Therapy cat offers healing support to patients

Haven is Rebecca Stares' co-therapist in her animal assisted therapy practice.

Haven is Rebecca Stares’ co-therapist in her animal assisted therapy practice.

By Rebecca Stares

“Meow,” articulated Haven. The client ignored him. “Meow!” he repeated. Nothing. Haven, an orange tabby with an exceptional personality and gift for being in the right place at the right time, walked right up to our client and bellowed at her, “MEOW!!”

“I think he’s trying to tell me something,” said the client. “Without a doubt,” was the thought that crossed my mind, but I waited for her to continue. “I’m not very good at speaking up when I need to, and I think he’s reminding me of that.” Message received! And how appropriate given the theme of our session was helping our client find her voice and communicate assertively. Once acknowledged, Haven jumped off her lap and curled up on the seat beside her, silent for the remainder of the session.

Haven is more than just a cat and my office mate, he’s also a co-therapist in my animal assisted therapy practice. As a co-therapist, Haven has a unique role in helping our clients develop awareness into their own lives, and in practicing the thoughts and behaviours necessary for change. Clients, ranging in age from four to 84, seek us out for support with anxiety, depression, attachment disorders, behavioural challenges, addiction, divorce, bereavement, life changes, etc. Being quite the gifted co-therapist, Haven offers emotional support, affection, and very clear lessons about boundaries, making requests and personal space, among other things.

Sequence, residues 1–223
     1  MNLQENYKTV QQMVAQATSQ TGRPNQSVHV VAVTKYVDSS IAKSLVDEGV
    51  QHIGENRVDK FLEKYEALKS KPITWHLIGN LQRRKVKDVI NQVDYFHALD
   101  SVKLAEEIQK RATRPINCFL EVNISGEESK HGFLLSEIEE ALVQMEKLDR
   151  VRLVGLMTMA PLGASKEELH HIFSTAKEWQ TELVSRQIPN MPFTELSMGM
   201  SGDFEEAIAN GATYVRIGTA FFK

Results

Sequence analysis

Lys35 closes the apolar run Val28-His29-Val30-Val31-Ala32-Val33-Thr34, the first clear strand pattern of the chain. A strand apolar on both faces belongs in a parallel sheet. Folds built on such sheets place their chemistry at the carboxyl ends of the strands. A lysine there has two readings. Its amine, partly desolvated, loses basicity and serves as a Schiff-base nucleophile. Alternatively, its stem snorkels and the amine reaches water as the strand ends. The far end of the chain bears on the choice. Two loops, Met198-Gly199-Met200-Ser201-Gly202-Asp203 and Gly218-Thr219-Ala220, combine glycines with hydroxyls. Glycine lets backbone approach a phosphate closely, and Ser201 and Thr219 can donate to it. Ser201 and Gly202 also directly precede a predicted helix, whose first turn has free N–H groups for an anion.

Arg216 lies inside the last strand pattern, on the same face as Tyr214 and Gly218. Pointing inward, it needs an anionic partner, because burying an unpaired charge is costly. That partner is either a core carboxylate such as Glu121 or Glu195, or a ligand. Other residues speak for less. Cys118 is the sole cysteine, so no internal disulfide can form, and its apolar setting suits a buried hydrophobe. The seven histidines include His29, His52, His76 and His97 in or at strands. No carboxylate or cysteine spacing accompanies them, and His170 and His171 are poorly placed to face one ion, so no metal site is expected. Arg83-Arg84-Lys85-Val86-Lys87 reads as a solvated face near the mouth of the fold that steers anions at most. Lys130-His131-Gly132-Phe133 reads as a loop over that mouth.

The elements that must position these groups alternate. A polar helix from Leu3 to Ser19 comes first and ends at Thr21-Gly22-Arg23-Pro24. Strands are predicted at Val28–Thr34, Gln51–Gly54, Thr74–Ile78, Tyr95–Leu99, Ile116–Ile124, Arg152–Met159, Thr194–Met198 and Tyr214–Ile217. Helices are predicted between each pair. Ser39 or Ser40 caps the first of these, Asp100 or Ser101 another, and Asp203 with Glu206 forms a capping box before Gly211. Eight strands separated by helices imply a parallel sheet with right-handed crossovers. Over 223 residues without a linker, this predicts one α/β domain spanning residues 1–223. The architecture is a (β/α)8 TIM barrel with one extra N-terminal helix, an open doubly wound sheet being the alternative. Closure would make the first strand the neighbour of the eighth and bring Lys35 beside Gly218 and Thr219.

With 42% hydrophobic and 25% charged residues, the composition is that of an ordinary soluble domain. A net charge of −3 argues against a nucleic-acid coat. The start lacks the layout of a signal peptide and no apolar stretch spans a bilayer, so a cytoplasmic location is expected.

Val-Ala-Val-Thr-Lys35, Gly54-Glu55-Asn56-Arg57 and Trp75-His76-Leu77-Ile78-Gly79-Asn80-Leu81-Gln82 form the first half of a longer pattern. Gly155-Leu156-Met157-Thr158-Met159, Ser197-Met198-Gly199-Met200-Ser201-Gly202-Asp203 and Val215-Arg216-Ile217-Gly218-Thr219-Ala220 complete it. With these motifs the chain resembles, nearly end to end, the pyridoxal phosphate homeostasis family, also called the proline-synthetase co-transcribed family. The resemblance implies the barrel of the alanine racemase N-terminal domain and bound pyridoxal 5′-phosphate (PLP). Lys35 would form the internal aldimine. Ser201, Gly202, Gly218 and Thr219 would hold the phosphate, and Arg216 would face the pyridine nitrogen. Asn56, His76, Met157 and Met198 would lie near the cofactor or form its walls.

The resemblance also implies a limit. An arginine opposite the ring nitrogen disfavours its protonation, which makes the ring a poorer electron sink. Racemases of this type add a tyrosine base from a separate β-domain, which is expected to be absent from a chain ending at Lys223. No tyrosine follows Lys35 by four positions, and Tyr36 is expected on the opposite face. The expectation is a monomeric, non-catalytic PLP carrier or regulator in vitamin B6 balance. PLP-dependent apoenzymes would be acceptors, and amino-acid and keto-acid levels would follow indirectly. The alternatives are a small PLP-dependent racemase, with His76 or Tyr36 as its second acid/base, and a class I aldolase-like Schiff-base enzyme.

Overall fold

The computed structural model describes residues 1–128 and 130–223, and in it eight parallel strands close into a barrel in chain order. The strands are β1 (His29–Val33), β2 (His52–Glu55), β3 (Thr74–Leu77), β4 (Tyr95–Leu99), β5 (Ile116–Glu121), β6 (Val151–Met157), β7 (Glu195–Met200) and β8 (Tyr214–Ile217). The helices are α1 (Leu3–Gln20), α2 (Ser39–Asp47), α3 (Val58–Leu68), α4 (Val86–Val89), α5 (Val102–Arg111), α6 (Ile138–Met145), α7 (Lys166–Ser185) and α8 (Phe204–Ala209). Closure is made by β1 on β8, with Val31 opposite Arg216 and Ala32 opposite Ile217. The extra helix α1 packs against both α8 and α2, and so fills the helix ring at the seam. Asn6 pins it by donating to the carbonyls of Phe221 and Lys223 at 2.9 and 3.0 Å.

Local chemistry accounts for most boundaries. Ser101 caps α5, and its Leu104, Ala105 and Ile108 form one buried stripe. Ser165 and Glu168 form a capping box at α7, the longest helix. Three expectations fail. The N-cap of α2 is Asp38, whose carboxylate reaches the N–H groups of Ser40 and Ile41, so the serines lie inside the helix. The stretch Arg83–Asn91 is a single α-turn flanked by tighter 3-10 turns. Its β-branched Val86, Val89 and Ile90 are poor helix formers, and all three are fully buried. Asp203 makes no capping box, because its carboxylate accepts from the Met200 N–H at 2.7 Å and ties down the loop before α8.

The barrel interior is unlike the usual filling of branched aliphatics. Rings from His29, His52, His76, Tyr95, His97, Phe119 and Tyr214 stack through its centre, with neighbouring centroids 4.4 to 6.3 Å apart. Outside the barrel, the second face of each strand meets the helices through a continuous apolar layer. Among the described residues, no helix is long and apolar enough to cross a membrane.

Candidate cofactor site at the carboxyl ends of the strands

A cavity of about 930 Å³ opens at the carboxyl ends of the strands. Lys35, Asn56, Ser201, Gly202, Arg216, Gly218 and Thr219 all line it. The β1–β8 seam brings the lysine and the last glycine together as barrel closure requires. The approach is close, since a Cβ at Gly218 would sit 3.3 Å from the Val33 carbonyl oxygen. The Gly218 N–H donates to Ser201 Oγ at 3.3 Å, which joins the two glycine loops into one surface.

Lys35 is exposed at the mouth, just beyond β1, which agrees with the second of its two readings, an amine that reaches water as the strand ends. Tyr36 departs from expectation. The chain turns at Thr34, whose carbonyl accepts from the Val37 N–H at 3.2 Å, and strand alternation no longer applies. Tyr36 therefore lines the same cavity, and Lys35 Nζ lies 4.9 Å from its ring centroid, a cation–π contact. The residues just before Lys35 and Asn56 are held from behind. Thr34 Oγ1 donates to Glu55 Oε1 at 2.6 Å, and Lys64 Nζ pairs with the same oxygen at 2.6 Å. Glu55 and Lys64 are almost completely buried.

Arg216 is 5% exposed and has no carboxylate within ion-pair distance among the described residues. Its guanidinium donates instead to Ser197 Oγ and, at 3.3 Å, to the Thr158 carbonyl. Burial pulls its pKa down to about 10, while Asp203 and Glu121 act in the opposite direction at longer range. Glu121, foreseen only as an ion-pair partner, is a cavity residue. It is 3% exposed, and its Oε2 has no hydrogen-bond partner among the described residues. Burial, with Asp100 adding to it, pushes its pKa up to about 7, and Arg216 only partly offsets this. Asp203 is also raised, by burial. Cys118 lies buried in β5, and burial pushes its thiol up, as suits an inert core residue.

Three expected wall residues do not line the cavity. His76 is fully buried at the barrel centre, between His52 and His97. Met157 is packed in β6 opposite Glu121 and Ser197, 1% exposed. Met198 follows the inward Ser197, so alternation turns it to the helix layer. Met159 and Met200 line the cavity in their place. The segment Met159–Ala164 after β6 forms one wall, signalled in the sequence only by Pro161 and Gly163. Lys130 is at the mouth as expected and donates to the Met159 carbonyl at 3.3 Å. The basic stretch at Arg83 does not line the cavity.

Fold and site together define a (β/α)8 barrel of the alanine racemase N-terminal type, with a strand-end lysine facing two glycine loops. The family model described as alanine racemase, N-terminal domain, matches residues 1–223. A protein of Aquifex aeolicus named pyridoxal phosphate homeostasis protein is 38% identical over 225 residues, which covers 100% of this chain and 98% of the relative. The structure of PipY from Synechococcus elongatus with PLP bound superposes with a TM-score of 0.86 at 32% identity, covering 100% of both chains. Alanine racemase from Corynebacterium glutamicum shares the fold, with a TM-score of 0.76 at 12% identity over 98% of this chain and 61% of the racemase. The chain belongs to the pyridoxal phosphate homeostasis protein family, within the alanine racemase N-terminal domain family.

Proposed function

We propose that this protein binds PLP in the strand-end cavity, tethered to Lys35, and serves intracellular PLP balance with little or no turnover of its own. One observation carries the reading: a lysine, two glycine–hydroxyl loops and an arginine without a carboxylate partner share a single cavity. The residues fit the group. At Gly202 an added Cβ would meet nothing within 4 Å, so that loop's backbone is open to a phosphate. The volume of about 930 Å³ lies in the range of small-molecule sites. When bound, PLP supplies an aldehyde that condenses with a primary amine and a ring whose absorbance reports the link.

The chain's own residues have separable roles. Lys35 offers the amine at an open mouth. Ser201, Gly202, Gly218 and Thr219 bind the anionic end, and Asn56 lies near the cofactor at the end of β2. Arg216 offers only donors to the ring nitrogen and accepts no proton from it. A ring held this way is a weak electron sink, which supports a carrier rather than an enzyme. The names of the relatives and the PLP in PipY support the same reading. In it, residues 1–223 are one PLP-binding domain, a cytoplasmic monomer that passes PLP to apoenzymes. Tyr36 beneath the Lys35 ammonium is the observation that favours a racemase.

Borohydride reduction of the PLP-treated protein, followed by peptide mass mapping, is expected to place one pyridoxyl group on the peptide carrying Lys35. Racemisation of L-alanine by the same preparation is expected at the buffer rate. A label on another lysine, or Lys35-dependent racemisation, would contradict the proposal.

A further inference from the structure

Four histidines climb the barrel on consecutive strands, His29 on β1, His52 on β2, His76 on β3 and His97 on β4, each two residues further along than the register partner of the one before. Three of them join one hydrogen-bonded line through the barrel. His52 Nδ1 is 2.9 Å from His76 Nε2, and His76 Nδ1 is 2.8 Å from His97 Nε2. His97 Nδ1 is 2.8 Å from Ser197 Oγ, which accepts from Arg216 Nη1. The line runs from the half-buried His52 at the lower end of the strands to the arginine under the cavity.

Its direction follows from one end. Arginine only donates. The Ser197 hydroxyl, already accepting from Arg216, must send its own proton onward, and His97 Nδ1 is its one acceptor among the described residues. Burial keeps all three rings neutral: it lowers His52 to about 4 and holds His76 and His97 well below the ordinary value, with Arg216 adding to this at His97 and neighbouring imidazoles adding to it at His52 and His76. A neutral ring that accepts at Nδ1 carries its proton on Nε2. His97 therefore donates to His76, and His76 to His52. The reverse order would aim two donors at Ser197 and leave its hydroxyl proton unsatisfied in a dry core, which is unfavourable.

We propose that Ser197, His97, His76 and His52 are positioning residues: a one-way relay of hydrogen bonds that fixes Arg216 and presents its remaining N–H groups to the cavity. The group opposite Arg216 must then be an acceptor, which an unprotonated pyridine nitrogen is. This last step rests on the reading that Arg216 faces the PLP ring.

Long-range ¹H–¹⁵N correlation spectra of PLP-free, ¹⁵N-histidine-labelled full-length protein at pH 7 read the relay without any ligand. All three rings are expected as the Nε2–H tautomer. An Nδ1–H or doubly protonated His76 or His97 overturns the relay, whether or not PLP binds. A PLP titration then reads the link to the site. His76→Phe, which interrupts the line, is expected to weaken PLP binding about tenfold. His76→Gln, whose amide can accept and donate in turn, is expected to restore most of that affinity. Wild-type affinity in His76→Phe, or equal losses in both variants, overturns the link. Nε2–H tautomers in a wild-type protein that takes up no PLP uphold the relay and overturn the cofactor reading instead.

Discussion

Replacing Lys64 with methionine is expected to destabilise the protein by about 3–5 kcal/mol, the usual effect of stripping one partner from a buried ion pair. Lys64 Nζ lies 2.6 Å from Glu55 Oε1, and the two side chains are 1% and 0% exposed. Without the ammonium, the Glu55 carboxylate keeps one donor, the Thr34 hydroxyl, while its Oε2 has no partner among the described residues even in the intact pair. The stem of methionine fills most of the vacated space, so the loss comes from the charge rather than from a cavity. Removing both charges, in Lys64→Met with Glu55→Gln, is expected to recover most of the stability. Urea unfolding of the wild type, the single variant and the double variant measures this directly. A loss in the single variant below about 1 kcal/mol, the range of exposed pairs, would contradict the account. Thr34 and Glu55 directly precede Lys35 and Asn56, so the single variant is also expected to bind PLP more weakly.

While many people think of therapy animals as being dogs and horses rather than cats, Haven easily overcomes any preconceived notions (that cats are aloof, for instance) when he meets you at the door. Haven is integral in rapport building, soothing any initial visit jitters and offering an easy icebreaker into a personal dialogue. He is warm and friendly whether lying belly-up in your lap or curled up on the back of the chair. He models relationship skills while gently reinforcing that relationships are about negotiation and compromise.

When he purrs — and you can’t miss it because it is quite loud — it not only demonstrates affection but provides positive validation regarding your engagement. You will always know when your relationship skills and communication skills are up to par, as cats, and particularly Haven, don’t respond well to coercion of any kind. (Bribery will only work if provide the tastiest morsels.)

What I love about cats as co-therapists is that you can’t hide your emotions from them. Haven responds to clients’ feelings and helps both the clients and myself access and attend to them. Most impressively, Haven does this while offering unconditional acceptance of who you are.  Best co-therapist ever!